These two pictures show vastly different approaches to growing blackberries.
First, in a well-tended home garden (so, obviously one belonging to neighbor!):
The gardener installed two metal stakes, about four feet above ground, with chicken wire running vertically the length between them to make a fence. Blackberry canes are grown in two rows, one on each side of the chicken wire fence. The canes are further supported by thick, insulated cording (here, the turquoise cords) running horizontally the length of the fence. The cords are spaced a foot apart. The tops of the canes are unfettered; they bend down gracefully with the growing fruit. This framework allows easy harvest from both sides of the structure.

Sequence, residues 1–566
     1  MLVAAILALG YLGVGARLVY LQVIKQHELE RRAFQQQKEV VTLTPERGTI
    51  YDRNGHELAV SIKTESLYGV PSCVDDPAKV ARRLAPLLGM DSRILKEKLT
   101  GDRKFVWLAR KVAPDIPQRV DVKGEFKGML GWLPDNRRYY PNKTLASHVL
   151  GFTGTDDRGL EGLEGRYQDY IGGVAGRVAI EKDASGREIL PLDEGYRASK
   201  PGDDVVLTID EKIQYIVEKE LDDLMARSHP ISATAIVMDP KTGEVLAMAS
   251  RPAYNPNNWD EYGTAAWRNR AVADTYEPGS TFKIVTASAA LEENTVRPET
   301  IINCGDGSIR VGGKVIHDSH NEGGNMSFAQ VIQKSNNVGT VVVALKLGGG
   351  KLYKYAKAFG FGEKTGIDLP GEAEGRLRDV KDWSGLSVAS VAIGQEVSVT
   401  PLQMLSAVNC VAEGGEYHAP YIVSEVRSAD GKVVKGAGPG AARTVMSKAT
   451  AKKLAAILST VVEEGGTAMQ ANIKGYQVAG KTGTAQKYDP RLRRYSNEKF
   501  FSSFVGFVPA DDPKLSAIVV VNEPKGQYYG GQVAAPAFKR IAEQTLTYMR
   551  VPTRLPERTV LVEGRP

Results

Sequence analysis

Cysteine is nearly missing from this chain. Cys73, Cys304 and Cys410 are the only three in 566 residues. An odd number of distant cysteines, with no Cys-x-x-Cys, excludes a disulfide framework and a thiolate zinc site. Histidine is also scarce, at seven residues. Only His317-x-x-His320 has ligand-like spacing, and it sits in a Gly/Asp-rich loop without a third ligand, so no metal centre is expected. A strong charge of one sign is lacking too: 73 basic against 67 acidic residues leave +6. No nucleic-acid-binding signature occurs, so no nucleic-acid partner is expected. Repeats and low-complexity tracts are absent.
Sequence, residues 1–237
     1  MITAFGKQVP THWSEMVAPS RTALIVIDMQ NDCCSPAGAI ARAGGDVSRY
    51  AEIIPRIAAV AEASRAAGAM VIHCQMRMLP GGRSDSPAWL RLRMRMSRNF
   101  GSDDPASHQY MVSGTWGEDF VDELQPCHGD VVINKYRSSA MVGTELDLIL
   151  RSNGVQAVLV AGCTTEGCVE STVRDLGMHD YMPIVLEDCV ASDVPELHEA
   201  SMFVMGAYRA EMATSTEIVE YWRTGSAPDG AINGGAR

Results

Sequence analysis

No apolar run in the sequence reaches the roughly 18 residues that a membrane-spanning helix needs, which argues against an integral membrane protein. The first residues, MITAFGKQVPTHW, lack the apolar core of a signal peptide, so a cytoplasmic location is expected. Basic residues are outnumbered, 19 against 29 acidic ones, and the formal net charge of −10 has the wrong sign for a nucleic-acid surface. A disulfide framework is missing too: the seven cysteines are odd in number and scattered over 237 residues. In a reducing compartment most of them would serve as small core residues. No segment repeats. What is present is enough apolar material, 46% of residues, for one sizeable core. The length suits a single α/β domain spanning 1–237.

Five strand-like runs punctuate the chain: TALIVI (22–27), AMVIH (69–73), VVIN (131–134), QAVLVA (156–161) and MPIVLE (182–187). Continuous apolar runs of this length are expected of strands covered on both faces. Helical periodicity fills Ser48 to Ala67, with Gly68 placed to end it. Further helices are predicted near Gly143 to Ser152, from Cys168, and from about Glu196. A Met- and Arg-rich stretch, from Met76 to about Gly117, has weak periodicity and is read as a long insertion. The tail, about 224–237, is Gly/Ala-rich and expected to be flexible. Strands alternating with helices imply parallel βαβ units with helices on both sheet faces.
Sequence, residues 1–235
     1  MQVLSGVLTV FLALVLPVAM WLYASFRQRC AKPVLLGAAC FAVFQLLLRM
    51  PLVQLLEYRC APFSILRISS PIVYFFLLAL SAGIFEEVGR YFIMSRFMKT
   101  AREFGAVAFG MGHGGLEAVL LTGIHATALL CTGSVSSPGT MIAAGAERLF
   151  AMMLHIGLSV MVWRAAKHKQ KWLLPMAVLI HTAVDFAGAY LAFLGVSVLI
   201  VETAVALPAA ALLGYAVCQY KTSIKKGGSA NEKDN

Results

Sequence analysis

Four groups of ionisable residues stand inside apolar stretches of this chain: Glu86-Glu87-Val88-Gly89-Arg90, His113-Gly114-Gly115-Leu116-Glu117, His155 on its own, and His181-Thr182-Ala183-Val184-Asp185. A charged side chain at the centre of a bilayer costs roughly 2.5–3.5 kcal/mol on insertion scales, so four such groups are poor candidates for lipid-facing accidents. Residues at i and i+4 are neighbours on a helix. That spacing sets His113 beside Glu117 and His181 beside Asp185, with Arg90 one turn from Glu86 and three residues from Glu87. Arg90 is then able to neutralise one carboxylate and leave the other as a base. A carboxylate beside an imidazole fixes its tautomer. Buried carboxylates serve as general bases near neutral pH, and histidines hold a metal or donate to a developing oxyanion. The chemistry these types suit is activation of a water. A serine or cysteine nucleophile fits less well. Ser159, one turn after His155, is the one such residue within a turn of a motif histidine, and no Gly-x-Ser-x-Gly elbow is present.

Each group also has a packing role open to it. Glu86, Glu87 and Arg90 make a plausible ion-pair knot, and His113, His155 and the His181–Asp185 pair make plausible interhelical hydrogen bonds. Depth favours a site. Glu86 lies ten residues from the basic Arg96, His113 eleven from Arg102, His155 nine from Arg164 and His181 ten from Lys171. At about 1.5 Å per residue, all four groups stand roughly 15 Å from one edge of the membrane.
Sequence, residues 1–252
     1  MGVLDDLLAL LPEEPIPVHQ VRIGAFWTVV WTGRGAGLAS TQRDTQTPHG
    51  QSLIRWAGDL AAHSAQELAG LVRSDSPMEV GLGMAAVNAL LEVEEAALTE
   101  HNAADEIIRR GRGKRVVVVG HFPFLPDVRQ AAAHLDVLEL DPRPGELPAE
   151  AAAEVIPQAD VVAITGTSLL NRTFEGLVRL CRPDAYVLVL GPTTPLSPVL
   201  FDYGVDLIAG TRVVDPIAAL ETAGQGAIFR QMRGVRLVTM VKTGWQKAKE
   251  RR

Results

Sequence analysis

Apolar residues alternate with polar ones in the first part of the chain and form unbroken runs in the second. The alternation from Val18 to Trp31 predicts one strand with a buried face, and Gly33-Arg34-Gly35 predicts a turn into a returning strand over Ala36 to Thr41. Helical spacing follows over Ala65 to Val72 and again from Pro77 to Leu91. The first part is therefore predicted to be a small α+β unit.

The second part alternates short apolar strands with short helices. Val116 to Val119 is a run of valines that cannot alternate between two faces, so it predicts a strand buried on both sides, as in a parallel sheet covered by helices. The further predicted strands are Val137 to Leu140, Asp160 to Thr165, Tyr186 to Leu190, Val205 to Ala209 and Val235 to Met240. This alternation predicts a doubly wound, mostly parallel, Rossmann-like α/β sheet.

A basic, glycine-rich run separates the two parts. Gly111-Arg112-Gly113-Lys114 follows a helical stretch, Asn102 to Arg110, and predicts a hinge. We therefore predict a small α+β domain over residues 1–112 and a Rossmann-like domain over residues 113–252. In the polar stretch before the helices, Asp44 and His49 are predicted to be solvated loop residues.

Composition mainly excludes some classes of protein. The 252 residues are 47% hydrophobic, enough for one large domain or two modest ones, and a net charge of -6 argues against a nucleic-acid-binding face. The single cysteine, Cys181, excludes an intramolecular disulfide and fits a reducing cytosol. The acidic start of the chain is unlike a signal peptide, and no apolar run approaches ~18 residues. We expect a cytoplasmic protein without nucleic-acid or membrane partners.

Second, wild in the Pacific Northwest:
Blackberries cost a pretty penny in my part of the world, so I never believed my friend's assessment that these plants are weeds in her home town in Washington. Then I took a trip to Oregon and saw for myself. Not only were blackberries growing along the road and in every ditch, I also saw them growing in rocks at a pier. The cords here are not a trellis at all -- they're to keep people from falling in the ocean! I bet the locals are sick of blackberries.
Just goes to show that weeds are all a matter of perspective. What "weeds" are your favorite?